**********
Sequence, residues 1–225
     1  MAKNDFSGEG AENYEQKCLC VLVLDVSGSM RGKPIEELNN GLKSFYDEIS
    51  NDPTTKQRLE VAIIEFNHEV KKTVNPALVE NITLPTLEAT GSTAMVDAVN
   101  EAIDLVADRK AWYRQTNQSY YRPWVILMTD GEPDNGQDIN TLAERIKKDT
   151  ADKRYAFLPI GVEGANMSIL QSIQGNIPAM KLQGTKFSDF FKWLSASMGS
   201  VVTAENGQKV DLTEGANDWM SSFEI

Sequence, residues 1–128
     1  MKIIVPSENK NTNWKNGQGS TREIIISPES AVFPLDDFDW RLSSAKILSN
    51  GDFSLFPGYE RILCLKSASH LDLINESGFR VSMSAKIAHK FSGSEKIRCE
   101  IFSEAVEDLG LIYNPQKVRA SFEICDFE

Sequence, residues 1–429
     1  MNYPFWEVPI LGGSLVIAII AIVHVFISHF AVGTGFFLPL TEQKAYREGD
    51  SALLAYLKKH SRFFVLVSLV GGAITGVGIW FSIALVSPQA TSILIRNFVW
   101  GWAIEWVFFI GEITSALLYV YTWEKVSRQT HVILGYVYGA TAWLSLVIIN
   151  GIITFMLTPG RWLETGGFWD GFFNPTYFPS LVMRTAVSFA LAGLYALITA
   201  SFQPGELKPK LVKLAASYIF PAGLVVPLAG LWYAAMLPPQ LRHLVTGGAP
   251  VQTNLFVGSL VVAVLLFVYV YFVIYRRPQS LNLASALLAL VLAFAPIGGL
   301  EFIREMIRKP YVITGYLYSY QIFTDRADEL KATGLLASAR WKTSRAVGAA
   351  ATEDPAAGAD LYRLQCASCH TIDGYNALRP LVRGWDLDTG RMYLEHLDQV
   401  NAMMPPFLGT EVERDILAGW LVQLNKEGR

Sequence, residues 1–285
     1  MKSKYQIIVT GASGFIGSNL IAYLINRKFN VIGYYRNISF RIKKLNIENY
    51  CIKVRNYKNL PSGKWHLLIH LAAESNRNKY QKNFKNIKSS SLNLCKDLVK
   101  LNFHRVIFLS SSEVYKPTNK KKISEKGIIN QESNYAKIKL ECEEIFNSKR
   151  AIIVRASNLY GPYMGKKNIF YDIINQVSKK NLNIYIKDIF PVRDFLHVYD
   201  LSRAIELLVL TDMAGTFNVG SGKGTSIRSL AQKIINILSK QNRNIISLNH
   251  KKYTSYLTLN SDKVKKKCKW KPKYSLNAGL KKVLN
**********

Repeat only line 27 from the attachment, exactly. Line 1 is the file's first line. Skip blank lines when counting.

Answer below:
   251  KKYTSYLTLN SDKVKKKCKW KPKYSLNAGL KKVLN